Written by: Shannon Pratt-Phillips, PhD
Equine nutritionist, Shannon Pratt-Phillips, Ph.D., explains and how and when to use ration balancers.
Feed or ration balancer is a concentrated source of protein, vitamins and minerals that may be added to a horse’s diet to round out his intake when he is fed solely hay, or hay and a cereal grain, or isn’t being fed a commercial feed in amounts sufficient to meet the horse’s requirements.
Balancers have higher percentages of several nutrients, including protein, calcium, phosphorus, etc., but are intended to be fed in relatively small quantities. The key thing to remember is that horses do not need nutrients in percentages – i.e. they do not need “10% protein.” They need GRAMS of protein, or milligrams of zinc, or megacalories of energy. For example, a horse feed can contain 10% protein and 0.6% calcium, and you might feed your horse 3kg of it. This would give 300 grams of protein and 24 grams of calcium. In a feed or ration balancer, you might find 30% protein and 3% protein, and you may only feed 1kg of it. This would provide the horse with 300 grams of protein and 30 grams of protein. So, the trick to ration balancers is that you do not have to feed very much of them, usually 1kg or less per day. They can be mixed with a cereal grain – such as oats – to make more of a complete feed for the horse (in addition to hay, of course).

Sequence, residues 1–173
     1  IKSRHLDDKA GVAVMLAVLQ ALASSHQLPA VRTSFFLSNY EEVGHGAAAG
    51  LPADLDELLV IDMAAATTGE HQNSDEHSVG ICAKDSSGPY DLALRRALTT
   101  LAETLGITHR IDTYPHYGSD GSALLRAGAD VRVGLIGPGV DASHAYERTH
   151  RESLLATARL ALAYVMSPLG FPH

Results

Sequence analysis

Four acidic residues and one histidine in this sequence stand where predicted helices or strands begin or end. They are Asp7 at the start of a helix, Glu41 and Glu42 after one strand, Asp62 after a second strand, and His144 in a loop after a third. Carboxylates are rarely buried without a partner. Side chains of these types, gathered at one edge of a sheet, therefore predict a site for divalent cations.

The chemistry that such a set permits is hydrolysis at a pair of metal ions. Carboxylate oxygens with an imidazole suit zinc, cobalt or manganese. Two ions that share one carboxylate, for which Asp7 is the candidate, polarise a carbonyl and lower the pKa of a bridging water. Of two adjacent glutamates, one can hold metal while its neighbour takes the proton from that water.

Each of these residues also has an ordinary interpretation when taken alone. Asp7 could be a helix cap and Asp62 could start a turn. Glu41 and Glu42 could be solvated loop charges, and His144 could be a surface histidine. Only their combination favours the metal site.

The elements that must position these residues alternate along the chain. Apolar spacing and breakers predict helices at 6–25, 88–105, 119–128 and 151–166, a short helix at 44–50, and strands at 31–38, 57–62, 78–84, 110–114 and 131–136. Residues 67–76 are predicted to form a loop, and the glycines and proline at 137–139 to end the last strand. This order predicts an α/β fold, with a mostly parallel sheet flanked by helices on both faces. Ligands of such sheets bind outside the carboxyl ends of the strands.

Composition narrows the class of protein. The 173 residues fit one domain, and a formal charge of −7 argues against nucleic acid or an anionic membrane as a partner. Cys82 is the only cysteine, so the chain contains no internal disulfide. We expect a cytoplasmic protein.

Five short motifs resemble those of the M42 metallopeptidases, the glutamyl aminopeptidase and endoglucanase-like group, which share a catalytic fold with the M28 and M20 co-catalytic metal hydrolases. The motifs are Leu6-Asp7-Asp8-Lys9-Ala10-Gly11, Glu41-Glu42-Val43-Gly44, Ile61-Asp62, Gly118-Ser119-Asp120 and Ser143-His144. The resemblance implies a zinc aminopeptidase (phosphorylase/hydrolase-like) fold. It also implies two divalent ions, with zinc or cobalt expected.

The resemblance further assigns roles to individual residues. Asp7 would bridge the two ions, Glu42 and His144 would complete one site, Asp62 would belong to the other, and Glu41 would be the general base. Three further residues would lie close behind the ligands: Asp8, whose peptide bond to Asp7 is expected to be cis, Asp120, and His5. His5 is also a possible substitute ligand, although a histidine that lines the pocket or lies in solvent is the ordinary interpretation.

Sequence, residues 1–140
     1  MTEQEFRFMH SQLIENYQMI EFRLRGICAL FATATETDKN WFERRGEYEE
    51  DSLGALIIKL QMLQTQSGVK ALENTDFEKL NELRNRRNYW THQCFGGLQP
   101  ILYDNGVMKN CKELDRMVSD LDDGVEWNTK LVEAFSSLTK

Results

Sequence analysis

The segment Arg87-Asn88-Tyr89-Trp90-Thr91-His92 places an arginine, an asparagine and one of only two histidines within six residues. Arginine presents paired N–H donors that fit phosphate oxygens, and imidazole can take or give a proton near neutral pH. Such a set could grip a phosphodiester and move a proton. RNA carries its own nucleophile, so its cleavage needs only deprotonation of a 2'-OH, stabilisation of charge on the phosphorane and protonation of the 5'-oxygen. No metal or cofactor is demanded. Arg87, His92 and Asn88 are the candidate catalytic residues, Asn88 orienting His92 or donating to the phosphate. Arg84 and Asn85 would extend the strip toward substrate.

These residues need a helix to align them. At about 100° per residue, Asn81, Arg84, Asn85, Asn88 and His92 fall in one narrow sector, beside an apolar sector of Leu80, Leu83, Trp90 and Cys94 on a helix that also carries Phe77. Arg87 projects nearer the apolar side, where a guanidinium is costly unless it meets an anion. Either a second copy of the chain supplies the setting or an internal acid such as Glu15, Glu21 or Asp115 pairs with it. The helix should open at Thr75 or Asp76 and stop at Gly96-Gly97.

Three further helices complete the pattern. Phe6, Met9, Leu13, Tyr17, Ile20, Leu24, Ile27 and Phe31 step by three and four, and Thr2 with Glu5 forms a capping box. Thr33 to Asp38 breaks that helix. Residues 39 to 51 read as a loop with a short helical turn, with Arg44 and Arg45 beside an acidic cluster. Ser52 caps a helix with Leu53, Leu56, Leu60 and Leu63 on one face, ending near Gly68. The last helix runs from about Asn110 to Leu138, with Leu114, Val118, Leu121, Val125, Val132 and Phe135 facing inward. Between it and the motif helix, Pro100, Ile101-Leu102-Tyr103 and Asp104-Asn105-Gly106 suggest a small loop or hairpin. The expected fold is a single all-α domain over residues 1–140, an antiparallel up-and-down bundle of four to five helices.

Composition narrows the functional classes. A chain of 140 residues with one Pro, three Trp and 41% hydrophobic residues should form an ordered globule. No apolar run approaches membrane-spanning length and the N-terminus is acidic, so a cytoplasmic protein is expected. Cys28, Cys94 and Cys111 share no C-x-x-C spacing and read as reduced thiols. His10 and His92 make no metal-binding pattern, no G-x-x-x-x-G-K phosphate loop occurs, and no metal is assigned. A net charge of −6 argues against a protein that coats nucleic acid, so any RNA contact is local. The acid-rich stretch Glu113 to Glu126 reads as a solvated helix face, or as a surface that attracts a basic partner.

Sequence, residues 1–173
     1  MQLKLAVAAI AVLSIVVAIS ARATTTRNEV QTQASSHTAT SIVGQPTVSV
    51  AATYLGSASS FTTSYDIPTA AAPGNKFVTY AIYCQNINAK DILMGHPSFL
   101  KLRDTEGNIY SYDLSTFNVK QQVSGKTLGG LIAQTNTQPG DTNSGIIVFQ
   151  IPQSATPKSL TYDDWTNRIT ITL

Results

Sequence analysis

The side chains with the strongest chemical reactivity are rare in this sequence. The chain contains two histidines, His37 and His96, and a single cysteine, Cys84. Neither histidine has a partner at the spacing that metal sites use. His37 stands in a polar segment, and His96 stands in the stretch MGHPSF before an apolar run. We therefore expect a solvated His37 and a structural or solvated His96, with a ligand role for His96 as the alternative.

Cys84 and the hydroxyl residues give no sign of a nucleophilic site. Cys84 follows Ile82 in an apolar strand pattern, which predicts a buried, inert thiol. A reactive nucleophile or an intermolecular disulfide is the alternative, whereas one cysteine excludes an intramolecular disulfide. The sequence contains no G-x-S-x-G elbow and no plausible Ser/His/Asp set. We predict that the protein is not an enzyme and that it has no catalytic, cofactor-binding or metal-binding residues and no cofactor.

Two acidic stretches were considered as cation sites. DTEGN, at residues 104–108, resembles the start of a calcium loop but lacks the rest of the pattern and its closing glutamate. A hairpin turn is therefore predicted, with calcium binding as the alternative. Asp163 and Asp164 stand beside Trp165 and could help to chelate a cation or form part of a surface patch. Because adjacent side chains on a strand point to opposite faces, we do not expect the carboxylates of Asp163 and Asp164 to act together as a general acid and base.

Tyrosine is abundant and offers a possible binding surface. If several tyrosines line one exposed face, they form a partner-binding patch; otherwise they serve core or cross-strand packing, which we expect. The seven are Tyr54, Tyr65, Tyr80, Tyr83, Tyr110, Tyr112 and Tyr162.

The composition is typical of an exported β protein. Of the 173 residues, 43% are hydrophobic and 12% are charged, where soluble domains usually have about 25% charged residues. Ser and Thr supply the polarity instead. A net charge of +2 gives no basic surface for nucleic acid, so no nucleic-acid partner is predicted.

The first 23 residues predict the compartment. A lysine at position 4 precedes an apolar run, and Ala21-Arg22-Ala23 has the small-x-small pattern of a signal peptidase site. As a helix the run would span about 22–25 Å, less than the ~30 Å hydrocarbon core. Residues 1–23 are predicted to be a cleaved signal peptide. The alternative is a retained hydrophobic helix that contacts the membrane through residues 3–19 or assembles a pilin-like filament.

Feeding a ration balancer is helpful for horses that do not have very high requirements, such as idle or lightly worked horses, that can meet their energy requirements through hay alone. They may also be fed to the overweight/obese horses that might have limited intake of hay to facilitate weight loss. However, even 0.5-1kg of a ration balancer can still contribute 1.5-3.5 mcal to the horse’s diet, and might limit the amount of hay they can get. In these cases, I prefer to make my own “ration balancer” by mixing a vitamin-mineral supplement (fed in an ounce or two) and soybean meal or casein – protein sources which can be purchased at a feed store. Soybean meal is left over from soybean industry (after getting the oil) and casein is milk protein.